Around Colorado: March 10, 2009

Massachusetts Again

Apparently the advocates of socialized medicine will never give up, no matter how many times a variant of their schemes fails, no matter how many times their premises are defeated.

Michael Salem, president and CEO of National Jewish Health, argues — no “argues” is not quite the right word, since he doesn’t actually offer any argument — that “Colorado should look at various models (such as Massachusetts)” in designing political controls of medicine.

To learn why that would be a disaster, and why we need liberty in medicine rather than more political controls, read the article of Paul Hsieh, MD, “Mandatory Health Insurance: Wrong for Massachusetts, Wrong for America.”

Brian Schwartz also has out a good op-ed on health policy, published by Colorado Daily.

Keep Electoral College

Here’s another one for the “Why Are We Still Talking About This” file: “If lawmakers ultimately approve House Bill 1299, Colorado will join a still-small coalition of states that vow to cast their electoral votes for the presidential candidate who wins the most votes nationwide, regardless of whether that candidate won in their state.”

I’ve explained over and again why doing away with the electoral college would be very stupid and bad for Colorado.

Unfortunately, the Denver Post has sacrificed clarity for cuteness with its headline: “Bill ‘popular’ enough to get 1st panel’s OK.” Very funny word play; I’m rolling. Nevertheless, the measure lost in a popular vote in 2004 by nearly two to one.

I am tempted to mention how idiotic the Democrats are for pushing this sort of nonsense, but then I remember the Republicans…

Keep Asset Forfeiture Reforms

I’ve collected some of the key information about a bill that would gut the asset forfeiture reforms of 2002. (See also the update.)

Now Ed Quillen of the Denver Post has weighed in:

[T]he government could also attempt to take the house in civil court… even if [the criminal suspect] was acquitted. That’s “civil asset forfeiture.” …

Obviously, this procedure is ripe for abuse, and in 2002 Colorado adopted a law to prevent such abuses. It requires a criminal conviction before forfeiture, and protects innocent property owners whose tenants commit crimes. It requires forfeiture proceeds to go through the regular budget process, rather than to the policing agency. It has reporting requirements.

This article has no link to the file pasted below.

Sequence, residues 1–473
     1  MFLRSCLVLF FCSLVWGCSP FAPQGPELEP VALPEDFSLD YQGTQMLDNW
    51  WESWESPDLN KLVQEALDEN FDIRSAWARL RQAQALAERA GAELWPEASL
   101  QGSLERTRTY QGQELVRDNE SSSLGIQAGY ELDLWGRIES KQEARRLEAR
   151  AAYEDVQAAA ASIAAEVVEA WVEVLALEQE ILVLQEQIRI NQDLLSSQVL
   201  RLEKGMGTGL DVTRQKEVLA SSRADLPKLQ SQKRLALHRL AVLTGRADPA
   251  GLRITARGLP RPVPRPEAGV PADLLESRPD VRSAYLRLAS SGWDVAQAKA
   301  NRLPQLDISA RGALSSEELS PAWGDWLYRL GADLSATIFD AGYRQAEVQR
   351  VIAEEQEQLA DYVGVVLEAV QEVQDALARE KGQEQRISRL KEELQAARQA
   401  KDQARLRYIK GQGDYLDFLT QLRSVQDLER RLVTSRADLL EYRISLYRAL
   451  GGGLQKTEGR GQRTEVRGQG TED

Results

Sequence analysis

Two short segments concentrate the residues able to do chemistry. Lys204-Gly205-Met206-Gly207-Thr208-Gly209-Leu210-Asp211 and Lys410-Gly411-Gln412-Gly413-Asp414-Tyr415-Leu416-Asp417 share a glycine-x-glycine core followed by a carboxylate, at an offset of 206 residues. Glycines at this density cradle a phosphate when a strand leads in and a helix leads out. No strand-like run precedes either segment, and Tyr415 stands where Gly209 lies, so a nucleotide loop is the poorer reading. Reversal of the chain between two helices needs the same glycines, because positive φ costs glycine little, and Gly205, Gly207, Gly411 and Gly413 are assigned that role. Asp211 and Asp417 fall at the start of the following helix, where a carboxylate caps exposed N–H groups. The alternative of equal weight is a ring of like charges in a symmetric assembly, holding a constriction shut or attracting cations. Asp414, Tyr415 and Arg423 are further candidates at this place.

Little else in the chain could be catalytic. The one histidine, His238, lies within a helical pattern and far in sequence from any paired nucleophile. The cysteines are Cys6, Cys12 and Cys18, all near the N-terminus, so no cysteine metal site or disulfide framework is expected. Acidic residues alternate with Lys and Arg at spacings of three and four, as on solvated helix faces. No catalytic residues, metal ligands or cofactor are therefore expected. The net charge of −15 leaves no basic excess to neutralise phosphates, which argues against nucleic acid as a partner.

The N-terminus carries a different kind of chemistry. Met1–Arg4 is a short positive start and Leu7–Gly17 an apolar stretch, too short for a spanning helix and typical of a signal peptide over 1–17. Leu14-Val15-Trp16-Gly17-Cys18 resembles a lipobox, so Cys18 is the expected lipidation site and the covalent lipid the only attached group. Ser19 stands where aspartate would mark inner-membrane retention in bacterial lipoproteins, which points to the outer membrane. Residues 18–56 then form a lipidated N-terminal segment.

In other words, our current law allows asset forfeiture as a legitimate tool of law enforcement, but makes the process fair and open.

But apparently, it doesn’t bring in enough money, and thus House Bill 1238, sponsored by Joe Rice, a Littleton Democrat, would repeal the requirement for a conviction as well as the reporting requirement. In other words, it allows cops to seize property on mere suspicion and auction it off, with a big chunk of the profits going to the “seizing agency.”

Hey, why pay taxes to support police departments when they can finance themselves this way? And why bother with the burdens of convicting someone in criminal court when you can just grab his assets through a civil procedure, where there’s no right to counsel and no protection against self-incrimination?

Applied vigorously, HB 1238 could enhance revenues without raising taxes, and I can’t think of any other reason that this legislature would even consider such an assault on a quaint, old-fashioned concept like “No person shall . . . be deprived of life, liberty, or property, without due process of law.”

Jerry Kopel has also blasted the measure in an article for the Pueblo Chieftain: “We should not go back to a system that made police and district attorneys look like pirates out for loot instead of providing enforcement of criminal justice standards.”

Energy Crisis Looms

The Obama administration, along with Democratic leaders in Colorado, seem determined to forcibly restrict the production of real energy (coal, oil, natural gas) while lathering fantasy energy (windmills, solar panels) with corporate welfare. If these trends continue, the result will be phenomenally more expensive energy for our homes and cars and a “fantasy energy economy” essentially controlled by politicians. (I’m all for alternative sources of energy, provided that people adopt them voluntarily in a free market.)